From long being a pretty somnolent part of the bureaucracy, in the 21st century, Thailand’s judiciary has shown that it can move politics in particular directions. The judiciary has demonstrated a capacity for politicized decision-making that has supported rightist, royalist and military interests. Its double standards are now legendary.

Sure, sometimes a court makes a decision that goes against the political grain, but these are exceptions to what is now a rule.

The most politicized of judges, who do as they are required, get rewarded. The most recent is the appointment of Nurak Mapraneet as a privy councilor. He is a former president of the Constitutional Court. He became court president in 2007 following the 2006 military coup. During his tenure there, the Court dissolved six political parties, removed two prime ministers, nullified the 2014 election, banned scores of politicians, and accepted a king’s announcement as law. Quite a record and now he’s rewarded.

All of this is a preamble to an observation that the judicial system and the courts are again being used by the regime as a political weapon.

A couple of days ago, Thai Enquirer published a list of Thailand’s latest political prisoners. It is a list of list of university students, activists, and musicians who have been charged, since 18 July 2020, under Article 116 with sedition (21 persons) and Article 110 for committing an act of violence against the queen or her liberty (3 persons). It notes that “at least 60 other protestors have been charged for joining the pro-democracy protests between October 13 and October 24, according to TLHR and Amnesty International.” Many of these were charged with violating the emergency decree. Astoundingly, that number includes “two children, aged 16 and 17, and they will be prosecuted even though the severe state of emergency decree was lifted…”.

The courts get involved in these cases almost from the beginning. From a phase where those arrested were soon bailed by the courts, that has now ceased for those deemed to be “leaders.” It is as if an order has come from higher up, telling the judges not to release them. For example, there have been several instances where the political detainees have been granted bail and then immediately arrested on other charges. The most recent example is human rights lawyer Arnon Nampa. He was bailed by a Chiang Mai Court and then immediately re-arrested and transported to Bangkok by road to face another period in detention.

As was the pattern in lese majeste cases, we see the judiciary, police and corrections being used to punish, detain, and harass. We refer to this as “lese majeste torture.” The most awful example was the treatment meted out to Somyos Prueksakasemsuk. He’s now in jail and denied bail again. Also well aware of this tactic, having also been a lese majeste prisoner, is Akechai Hongkangwarn. He’s now denied bail on a spurious Article 110 charge.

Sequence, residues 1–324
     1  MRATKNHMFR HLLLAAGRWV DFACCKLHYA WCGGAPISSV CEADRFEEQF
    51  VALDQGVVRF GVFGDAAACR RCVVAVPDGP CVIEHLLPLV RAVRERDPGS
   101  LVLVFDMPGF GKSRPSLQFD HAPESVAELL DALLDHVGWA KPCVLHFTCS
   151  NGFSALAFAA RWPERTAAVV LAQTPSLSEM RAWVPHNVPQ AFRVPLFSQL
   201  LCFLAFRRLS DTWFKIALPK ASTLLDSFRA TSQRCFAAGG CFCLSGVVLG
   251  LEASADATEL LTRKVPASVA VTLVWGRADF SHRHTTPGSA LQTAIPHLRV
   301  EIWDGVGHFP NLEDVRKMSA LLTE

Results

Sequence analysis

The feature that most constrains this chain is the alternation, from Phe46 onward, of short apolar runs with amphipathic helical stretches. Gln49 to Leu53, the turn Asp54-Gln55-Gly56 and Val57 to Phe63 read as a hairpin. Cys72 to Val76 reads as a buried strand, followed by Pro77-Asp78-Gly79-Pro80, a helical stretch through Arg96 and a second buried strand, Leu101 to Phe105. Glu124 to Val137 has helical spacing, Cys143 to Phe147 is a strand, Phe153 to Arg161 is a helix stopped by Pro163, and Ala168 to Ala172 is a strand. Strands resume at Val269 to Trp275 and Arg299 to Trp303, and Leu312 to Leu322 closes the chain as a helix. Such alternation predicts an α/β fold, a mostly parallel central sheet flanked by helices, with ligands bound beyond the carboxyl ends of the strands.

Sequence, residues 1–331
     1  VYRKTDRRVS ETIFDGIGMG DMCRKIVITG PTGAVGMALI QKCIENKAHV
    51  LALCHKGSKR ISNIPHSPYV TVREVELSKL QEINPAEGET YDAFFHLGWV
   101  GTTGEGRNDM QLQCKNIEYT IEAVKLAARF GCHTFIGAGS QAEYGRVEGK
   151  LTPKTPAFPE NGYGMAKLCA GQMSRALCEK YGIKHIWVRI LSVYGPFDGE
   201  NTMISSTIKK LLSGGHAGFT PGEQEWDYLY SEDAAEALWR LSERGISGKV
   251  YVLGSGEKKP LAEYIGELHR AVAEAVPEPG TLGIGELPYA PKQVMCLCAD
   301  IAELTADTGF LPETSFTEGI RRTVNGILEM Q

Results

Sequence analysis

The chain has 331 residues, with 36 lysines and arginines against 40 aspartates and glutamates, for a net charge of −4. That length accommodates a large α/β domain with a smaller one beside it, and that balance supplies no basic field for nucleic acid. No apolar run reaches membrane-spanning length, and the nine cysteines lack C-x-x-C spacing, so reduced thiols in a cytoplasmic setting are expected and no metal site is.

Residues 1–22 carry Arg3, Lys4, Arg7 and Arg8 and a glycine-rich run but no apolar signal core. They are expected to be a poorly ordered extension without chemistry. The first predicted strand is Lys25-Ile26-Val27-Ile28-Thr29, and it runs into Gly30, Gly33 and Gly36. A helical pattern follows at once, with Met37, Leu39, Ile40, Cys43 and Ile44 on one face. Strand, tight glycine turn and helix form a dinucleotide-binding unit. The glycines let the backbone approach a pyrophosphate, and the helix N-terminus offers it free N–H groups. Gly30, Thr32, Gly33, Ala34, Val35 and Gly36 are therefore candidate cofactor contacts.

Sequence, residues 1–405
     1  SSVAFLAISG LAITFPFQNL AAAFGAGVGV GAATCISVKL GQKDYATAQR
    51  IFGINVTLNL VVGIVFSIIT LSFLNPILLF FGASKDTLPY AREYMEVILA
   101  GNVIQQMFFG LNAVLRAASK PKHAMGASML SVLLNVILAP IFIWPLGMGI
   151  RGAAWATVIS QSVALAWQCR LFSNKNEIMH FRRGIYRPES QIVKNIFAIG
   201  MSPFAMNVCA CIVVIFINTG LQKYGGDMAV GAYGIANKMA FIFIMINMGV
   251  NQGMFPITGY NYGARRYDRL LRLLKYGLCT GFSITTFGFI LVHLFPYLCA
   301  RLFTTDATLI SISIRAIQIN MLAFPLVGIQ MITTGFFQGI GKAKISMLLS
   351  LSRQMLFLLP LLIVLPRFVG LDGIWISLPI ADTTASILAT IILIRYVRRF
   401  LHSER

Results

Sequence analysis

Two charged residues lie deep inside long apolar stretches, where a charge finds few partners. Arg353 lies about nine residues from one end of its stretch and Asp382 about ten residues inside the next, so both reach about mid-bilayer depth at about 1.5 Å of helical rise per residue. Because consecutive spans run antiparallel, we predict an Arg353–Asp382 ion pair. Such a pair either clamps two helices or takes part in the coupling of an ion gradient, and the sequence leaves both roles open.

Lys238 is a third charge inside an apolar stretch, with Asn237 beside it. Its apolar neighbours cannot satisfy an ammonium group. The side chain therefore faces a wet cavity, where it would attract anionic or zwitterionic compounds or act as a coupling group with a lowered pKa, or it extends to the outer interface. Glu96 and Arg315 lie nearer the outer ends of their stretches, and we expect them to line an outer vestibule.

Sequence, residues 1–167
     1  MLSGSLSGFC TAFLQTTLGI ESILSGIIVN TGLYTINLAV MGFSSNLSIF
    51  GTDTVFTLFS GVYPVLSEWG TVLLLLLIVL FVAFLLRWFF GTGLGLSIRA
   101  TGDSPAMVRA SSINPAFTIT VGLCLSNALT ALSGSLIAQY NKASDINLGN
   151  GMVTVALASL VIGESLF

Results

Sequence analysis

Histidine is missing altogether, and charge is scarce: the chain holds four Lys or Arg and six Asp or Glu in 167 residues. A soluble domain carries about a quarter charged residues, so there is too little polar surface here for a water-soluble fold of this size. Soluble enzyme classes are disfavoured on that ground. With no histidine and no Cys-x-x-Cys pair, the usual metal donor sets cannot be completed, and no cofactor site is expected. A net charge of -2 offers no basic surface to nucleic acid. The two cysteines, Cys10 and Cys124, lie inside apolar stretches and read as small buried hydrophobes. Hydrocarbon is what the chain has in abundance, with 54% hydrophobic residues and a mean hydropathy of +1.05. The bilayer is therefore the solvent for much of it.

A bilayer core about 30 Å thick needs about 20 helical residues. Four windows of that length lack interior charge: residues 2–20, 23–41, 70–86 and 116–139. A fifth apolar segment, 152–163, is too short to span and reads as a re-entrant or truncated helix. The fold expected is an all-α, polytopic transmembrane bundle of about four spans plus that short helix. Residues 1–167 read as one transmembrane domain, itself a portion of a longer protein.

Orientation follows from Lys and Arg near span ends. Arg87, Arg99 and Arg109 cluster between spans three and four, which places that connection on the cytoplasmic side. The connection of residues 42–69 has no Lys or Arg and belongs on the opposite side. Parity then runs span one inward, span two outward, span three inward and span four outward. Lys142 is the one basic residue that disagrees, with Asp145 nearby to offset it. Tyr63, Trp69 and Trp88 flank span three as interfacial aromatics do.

Then there are the young “leaders.” Not only are they repeatedly denied bail, but the system ensures that they are treated to all the feudal rules of the prison system. While they have not yet had their heads shaved, they are given king-approved haircuts and made to wear prison uniforms and Panusaya Sithijirawattanakul has been made to “dye her hair natural black,” if those words from the Bangkok Post make any sense at all.

But none of this makes much sense. It is just a dictatorial regime acting under orders.

Update: Khaosod reports that police are looking to charge some 16 persons: “Deputy Bangkok police chief Piya Tawichai told the media yesterday the police were gathering evidence to prosecute the embassy protesters…. Maj. Gen. Piya said a number of laws were violated, such as the public assembly act and libel.” Pro-democracy activists Patsaravalee Tanakitvibulpon and Jatuphat Boonpattaraksa are among those being “investigated.”

It is not reported whether the police are taking similar action against the yellow shirts who protested at the same embassy before the pro-democracy thousands.





Updated: Another night, more protests

17 10 2020

Another afternoon and night of protests. The regime thought that shutting down the train system would prevent protesters massing again, They particularly concentrated on the Victory Monument, and closed it off, with not a protester in sight.

Meanwhile, thousands of protesters gathered at various spots around Bangkok and in Chiang Mai, Khon Kaen and several other provincial towns. Our pictures are clipped from social media.

Some of the signage was interesting.

Update: The Bangkok Post has some details on those arrested, still detained, and some bailed. Among those refused bail are former lese majeste victims Jatuphat Boonpattaraksa and Somyos Prueksakasemsuk. While there is some information on arrests, the regime is opaque, and Thai Enquirer says “security forces may have arrested up to 100 demonstrators for violating the government’s emergency decree…”. It also says that some demonstrators are “missing.”

In the royal car case, Bunkueanun Paothong has been bailed, while Akechai Hongkangwarn, another lese majeste victim, is awaiting bail.

Among those recently arrested are student leaders Panupong Jadnok (Rayong Mike) and protest leader Tattep Ruangprapaikijseree.





Arrests and royal traffic operations

13 10 2020

Livestreamed, some 20-24 protesters were arrested on Rajadamnoen Avenue this afternoon.

Khaosod reports that “police officers broke up a small rally held in anticipation for a larger anti-government protest set for tomorrow.” It isn’t clear why “police moved in on the rally opposite the Democracy Monument … while activist Jatupat ‘Pai’ Boonpattararaksa was giving a speech…”.

Police had ordered the protesters to stop their activities because a royal motorcade for the king was about to pass by.

Jatuphat arrested. Clipped from the Bangkok Post

During the police royal traffic operation, a “scuffle broke out between the demonstrators and the police, and blue paint was thrown at some officers.”

Police “said the suspects would be charged with violating the Public Assembly Law for failing to notify the authorities about their rally.”

It is reported that “Jatupat and others were sent to the Royal Thai Police headquarters for questioning.”

One response was that activist Parit Chiwarak “led several hundred people to stage a protest in front of the police headquarters and demanded their unconditional release.”

Another response has been to bring the start time for the main rally forward to 8am.